How do I sue my former employer in Small Claims Court?
Question & AnswerHow do I sue my former employer in Small Claims Court?
4. Serve your claim on the defendant
After you file your claim with the court, you have to “” it on each . This means you have to give them a copy of the claim, including all the documents you filed with the Plaintiff’s Claim Form.
You can do this yourself or have someone else do it.
And you must do it within 6 months of the date that the clerk stamped on the claim when you filed it with the court.
How you serve a claim
You can serve the claim by delivering it to the in person. If the defendant is a corporation or other kind of business, it has to be served at the place of business on someone who is a manager.
If it’s not clear who the manager is, you can serve the claim on someone who appears to be in charge.
You need to get the first and last name of the person who is served with the documents.
Someone may refuse to take the documents. If this happens, you can just drop them on the floor in front of them.
Another way to serve the claim is by or courier. If you do this, you need the signature of the person who accepted the delivery. This is your proof that you served the claim.
Rules about serving documents
Before you serve the documents, look at the Guide to Serving Documents to make sure that you follow all of the rules.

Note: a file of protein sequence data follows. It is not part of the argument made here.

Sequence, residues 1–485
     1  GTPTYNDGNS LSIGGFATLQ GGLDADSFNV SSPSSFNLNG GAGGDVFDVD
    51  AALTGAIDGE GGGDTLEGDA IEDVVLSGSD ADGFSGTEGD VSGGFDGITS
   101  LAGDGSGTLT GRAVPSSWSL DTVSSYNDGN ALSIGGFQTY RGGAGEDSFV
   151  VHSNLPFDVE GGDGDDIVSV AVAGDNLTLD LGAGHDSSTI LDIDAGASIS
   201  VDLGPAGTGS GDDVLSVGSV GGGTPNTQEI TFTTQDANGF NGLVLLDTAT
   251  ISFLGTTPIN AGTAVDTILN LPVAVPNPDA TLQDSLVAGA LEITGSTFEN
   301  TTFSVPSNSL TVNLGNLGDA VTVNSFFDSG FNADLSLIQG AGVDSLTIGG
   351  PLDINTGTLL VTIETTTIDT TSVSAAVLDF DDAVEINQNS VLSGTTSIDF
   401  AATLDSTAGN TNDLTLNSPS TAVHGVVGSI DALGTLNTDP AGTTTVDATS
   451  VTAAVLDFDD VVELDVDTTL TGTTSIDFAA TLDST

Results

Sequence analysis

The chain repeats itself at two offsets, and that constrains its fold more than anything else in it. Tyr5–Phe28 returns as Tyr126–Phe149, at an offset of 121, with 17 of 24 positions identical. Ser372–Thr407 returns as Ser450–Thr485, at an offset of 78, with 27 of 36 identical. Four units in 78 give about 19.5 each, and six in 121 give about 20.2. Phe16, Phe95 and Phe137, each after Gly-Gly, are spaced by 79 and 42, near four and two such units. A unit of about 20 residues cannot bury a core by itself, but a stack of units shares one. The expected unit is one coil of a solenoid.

You will need to know details like:
- the date and time the documents were served
- where it happened
- the first and last name of the person the documents were given to
- how it was done, for example, in person, or by courier or registered mail
Proving you served the claim
You need to prove to the court that the claim was served on the defendant or defendants. You do this with an Affidavit of Service Form 8A.
It’s a good idea to look at the Affidavit of Service Form before you serve the documents. That way, you’ll know what information you need to fill it in properly.
The person who serves the documents has to swear or affirm that the completed Affidavit of Service is true. This means they promise that the information in the document is correct. They do this when they sign it in front of someone who has the authority to take oaths or affirmations. This includes lawyers and staff at the Small Claims Court offices.
You file the Affidavit with the court office.